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Blood clot drug flops

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French drug maker Sanofi failed to score brownie points from the Food and Drug Administration’s oncologic drug advisory committee. In a 14 to 1 vote, the committee agreed that there was insufficient proof that blood clot drug semuloparin’s benefits outweigh its risks.

Sanofi sought approval of its heparin – or anticoagulant — injection to treat cancer patients with deep vein thrombosis, a condition in which blood clots form in the body’s deep veins, like those in the thighs. These blood clots can travel to the lungs, disrupt blood flow, and cause a pulmonary embolism, or blockage of the pulmonary artery that leads to the lungs.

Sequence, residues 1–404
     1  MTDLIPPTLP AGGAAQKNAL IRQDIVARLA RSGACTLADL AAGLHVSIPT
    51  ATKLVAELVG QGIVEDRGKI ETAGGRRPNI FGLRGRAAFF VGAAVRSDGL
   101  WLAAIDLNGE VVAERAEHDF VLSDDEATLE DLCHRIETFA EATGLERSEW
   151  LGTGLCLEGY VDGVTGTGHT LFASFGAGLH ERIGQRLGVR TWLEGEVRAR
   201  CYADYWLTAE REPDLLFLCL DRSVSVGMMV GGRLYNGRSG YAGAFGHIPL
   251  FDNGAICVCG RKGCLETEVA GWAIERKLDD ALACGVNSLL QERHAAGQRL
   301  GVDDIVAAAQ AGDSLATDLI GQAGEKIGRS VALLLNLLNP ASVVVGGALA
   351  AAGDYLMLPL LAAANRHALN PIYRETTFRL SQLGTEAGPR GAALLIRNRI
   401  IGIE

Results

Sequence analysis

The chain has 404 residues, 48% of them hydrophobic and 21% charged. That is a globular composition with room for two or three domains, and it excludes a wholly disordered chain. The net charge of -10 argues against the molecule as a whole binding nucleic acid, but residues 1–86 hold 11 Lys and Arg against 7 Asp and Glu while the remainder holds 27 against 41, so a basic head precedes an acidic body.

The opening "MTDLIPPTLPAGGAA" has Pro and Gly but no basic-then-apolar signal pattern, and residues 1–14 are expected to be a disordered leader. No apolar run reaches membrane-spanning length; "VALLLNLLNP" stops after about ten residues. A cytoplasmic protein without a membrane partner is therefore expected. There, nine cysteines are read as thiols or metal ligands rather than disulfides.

Cancer patients undergoing chemotherapy face a 6-and-a-half times higher risk of getting blood clots than those without cancer, and no other medicines are currently approved specifically to prevent clots in chemotherapy patients, Sanofi has said.

In the company’s SAVE-ONCO clinical trial of 3,212 patients, 1.2 percent of those patients taking semuloparin suffered venous thromboembolism, a combination of deep vein thrombosis and pulmonary embolism, or died, compared to 3.4 percent of patients not taking the drug.

These results initially placed the drug in good standing, since it met its goal; however, the FDA noted that a large number of patients suffered bleeding events while taking semuloparin, and one patient died from internal bleeding of the brain. The 3-and-a-half month duration in which patients were evaluated was also of concern. The FDA committee felt that because the risk of venous thromboembolism increases with time, a longer span study could’ve provided more solid results.

Though the FDA is not required to follow the recommendations of its advisory committee, Fox Business stated that it usually does.